Dysautonomia in Cats
Dysautonomia is the dysfunction of the autonomic nervous system, which is that part of the nervous system that works without conscious control. This includes glands, cardiac muscle, and smooth muscles such as those of the digestive system, the respiratory system and the skin.
Dysautonomia is seen mainly in cats in Great Britain, although it has been identified in the United States as well. It is rare and most affected dogs and cats are less than three years old. There are no breed or sex predilection, no genetic basis and the cause is unknown..
What to Watch For Signs are generally sudden in onset Depression Anorexia Constipation Occasional diarrhea Dry nose and mouth Reduced tear production Regurgitation Dilated pupils Slow heart rate (bradycardia) Difficulty urinating Urinary incontinence (dribbling or leaking urine)
Diagnosis of Dysautonomia in Cats
Baseline tests to include: A complete blood count (CBC), biochemical profile and urinalysis are recommended, all of which are often within normal limits. Chest and abdominal X-rays generally support a dilated esophagus. Barium (dye) studies of the upper gastrointestinal tract often confirm a slow movement through the esophagus and stomach. Ophthalmic pharmacologic testing by administering certain medications directly into the eyes of the affected individual often reveals characteristic findings.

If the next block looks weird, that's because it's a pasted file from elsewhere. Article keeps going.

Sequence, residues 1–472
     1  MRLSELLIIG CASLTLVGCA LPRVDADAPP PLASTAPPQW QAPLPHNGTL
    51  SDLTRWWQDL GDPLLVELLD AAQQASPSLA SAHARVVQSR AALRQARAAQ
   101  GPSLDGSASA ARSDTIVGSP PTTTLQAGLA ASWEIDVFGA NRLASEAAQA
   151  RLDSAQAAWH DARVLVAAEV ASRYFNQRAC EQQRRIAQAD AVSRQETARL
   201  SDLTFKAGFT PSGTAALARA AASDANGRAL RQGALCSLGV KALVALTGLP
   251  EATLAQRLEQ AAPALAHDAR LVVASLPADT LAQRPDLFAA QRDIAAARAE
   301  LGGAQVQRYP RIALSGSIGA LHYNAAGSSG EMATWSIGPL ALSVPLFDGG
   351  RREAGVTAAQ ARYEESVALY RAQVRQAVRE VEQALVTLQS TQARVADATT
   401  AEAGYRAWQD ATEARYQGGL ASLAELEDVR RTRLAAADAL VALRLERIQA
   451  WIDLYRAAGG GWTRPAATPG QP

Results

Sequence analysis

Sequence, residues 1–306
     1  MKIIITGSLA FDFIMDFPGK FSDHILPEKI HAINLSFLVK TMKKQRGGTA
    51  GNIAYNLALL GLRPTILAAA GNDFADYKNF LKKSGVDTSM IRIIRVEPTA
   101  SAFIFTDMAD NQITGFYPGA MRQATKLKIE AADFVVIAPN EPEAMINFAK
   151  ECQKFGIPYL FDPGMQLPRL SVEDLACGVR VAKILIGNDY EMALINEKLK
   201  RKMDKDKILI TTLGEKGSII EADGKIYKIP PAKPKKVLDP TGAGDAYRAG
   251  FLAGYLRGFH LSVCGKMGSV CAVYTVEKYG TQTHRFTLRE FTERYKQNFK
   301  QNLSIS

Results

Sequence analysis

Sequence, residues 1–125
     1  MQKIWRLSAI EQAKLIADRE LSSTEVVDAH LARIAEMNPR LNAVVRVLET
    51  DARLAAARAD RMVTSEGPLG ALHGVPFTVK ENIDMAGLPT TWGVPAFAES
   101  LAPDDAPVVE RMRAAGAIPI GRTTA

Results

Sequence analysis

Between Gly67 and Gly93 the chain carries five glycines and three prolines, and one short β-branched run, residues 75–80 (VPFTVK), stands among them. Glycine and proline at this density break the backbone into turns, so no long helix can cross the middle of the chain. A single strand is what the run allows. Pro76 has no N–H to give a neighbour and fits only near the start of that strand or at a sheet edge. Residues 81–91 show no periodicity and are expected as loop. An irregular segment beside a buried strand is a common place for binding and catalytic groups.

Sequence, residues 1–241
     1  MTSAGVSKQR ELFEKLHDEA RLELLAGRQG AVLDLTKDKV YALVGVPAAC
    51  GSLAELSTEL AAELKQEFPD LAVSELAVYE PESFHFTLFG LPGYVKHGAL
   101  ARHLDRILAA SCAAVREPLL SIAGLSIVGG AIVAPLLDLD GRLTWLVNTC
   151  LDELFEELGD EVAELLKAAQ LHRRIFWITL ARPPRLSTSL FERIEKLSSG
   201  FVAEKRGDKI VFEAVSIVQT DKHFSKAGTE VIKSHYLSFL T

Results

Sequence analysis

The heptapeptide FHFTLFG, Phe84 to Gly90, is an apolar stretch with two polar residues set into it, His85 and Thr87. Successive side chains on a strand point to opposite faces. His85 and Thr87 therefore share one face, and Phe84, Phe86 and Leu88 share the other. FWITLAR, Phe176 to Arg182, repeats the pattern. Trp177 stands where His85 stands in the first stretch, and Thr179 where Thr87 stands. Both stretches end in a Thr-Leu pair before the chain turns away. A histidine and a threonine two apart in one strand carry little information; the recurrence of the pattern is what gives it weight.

Treatment of Dysautonomia in Cats It is most important to determine whether the patient’s condition warrants admission to the hospital for treatment or treatment at home as an outpatient. Fluid and electrolyte therapy may be of benefit in some patients. Nutritional support is imperative in these patients, as many have a megaesophagus (enlarged/dilated esophagus) and cannot get food past the malfunctioning organ. Symptomatic therapy including medication to improve movement throughout the gastrointestinal tract, help the urinary bladder empty, or increase tear production in the eyes.
Home Care and Prevention
Administer all medication and diet as directed by your veterinarian. If any change is noted in your pet’s condition, in particular, coughing or difficulty breathing, contact your veterinarian at once, as this may signal aspiration pneumonia secondary to a malfunctioning esophagus.
Overall prognosis is guarded. Relapse and death are common.
As there is no known cause, there is no known preventative.